Two fallen trees rest on neighbouring houses in Halifax on Sunday, Sept. 8, 2019. THE CANADIAN PRESS/Andrew Vaughan

VIDEO: Crews in Maritimes work to restore power, clear debris left in Dorian’s wake

Nova Scotia Power said nearly 200,000 customers were still waiting for the lights to come back on

Post-tropical storm Dorian may have departed Atlantic Canada but the scars it inflicted across the region with its hurricane strength wind gusts and torrential rain will take some time to heal.

Utility companies in Nova Scotia, New Brunswick, P.E.I. and Newfoundland and Labrador are facing a massive task in restoring electricity to hundreds of thousands of customers left in the dark as Dorian flattened trees that pulled down power poles across a vast area. And the huge amount of tangled debris littering streets is now making the work of utility crews that much harder.

Nova Scotia Power reported early Monday morning that nearly 200,000 of its customers were still waiting to be reconnected, while thousands more in the other Atlantic provinces faced a similar fate.

On Sunday, N.S. Power C.E.O Karen Hutt called the situation a “worst case scenario.”

READ MORE: Bahamian students in B.C. can only watch and wait Hurricane Dorian aftermath

She said that even with the help of utility crews from Quebec, Ontario, New Brunswick, Florida and Maine it would likely be next week before the lights are back on in all areas of the province.

Those crews are also being assisted by Canadian Armed Forces personnel who are helping clear roads so utility vehicles can get to job sites.

Many schools across Nova Scotia will be closed today, and emergency officials have been urging people in hard hit areas to stay home — both for their own safety and to give cleanup crews more elbow-room to work.

The Canadian Press

Like us on Facebook and follow us on Twitter

Just Posted

Algae bloom killing farmed fish on Vancouver Island’s West Coast

DFO says four Cermaq Canada salmon farms affected, fish not infectious

BC Hydro plans emergency power outage in Ucluelet on Friday

The outage is not expected to impact Tofino or the Ucluelet First Nation community of Hitacu.

New vice principal loving life at Ucluelet Elementary School

“I’m enjoying getting to know all the teachers and staff.”

‘Finding Solitude’ film premieres in Tofino and Ucluelet

“This film is about protecting our lands.”

School District 70 proposes new school names, asks for public feedback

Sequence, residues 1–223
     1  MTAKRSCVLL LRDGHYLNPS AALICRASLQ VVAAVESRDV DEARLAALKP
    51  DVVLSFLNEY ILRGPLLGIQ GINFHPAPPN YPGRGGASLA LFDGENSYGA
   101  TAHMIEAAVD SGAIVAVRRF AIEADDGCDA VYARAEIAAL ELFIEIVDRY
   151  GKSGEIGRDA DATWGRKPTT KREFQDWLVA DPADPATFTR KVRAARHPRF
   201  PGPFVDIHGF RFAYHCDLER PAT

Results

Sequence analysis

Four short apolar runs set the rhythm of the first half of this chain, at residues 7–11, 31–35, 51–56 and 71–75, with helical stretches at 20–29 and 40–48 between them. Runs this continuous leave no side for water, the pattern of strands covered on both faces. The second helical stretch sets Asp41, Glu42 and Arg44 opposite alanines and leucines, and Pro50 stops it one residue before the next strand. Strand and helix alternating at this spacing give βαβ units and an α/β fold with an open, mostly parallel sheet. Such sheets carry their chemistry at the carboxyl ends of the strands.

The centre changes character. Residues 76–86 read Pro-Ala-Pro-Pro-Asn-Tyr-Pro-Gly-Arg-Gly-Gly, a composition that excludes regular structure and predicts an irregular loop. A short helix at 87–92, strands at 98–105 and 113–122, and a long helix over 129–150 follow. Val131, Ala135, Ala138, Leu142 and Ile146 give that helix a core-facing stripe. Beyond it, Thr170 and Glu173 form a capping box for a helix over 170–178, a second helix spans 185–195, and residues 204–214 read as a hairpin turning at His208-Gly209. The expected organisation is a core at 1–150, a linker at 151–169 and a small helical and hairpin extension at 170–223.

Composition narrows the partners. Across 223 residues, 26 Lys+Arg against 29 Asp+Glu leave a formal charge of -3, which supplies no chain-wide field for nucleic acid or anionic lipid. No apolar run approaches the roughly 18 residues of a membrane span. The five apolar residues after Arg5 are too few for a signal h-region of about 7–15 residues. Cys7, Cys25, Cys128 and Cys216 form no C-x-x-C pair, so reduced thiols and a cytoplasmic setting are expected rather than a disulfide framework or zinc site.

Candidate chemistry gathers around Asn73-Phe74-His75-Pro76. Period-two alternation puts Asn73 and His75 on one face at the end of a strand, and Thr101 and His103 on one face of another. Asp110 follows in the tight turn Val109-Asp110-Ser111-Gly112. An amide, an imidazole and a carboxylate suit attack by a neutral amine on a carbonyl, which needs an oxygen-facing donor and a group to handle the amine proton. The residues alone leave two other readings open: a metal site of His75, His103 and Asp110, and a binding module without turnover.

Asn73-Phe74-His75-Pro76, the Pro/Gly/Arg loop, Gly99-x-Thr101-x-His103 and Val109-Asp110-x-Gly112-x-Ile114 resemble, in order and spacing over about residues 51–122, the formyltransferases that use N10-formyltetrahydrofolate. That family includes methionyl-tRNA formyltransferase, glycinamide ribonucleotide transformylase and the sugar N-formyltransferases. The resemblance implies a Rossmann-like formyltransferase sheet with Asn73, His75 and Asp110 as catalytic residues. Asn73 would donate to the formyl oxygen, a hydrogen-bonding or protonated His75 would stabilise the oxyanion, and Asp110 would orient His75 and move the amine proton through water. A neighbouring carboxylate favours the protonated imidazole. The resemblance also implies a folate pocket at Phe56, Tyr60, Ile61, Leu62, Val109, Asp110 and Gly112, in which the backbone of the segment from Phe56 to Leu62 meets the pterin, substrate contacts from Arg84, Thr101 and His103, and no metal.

Board of education suggests new names for the district and two of its schools

PHOTOS: NHL honours B.C. grandma’s battle against cancer in special match

Shea Theodore’s grandmother Kay Darlington dropped the puck at a special ‘Hockey Fights Cancer’ game

University of Victoria threatens any athletes who speak about rowing coach probe

Barney Williams has been accused of harassment and abuse

B.C.’s largest catholic archdiocese names 9 clergymen in sex abuse report; probes ongoing

Vancouver Archdioces presides over 443,000 parishoners in B.C.

Eagles congregate around Salish Sea for one last feast before period of famine

Mountainaire Avian Rescue Society preparing to receive birds in need of care

Smudging in B.C. classroom did not affect Christian family’s faith, says school district lawyer

Lawyers make closing arguments in a Port Alberni case about the Indigenous cultural practice

Canadian Forces member charged with possessing magic mushrooms in Comox

Master Cpl. Joshua Alexander, with the 407 Maritime Patrol Squadron, facing two drug related charges

Most B.C. residents, including those hit by 2018 storms, not prepared for outages: report

Create an emergency kit, BC Hydro says, and report all outages or downed lines

Study finds microplastics in all remote Arctic beluga whales tested

Lead author Rhiannon Moore says she wasn’t expecting to see so many microplastics so far north

Services needed in B.C. for early-onset Alzheimer’s disease patients: doctor, advocates

More patients are being diagnosed with Alzheimer’s at an earlier age

Most Read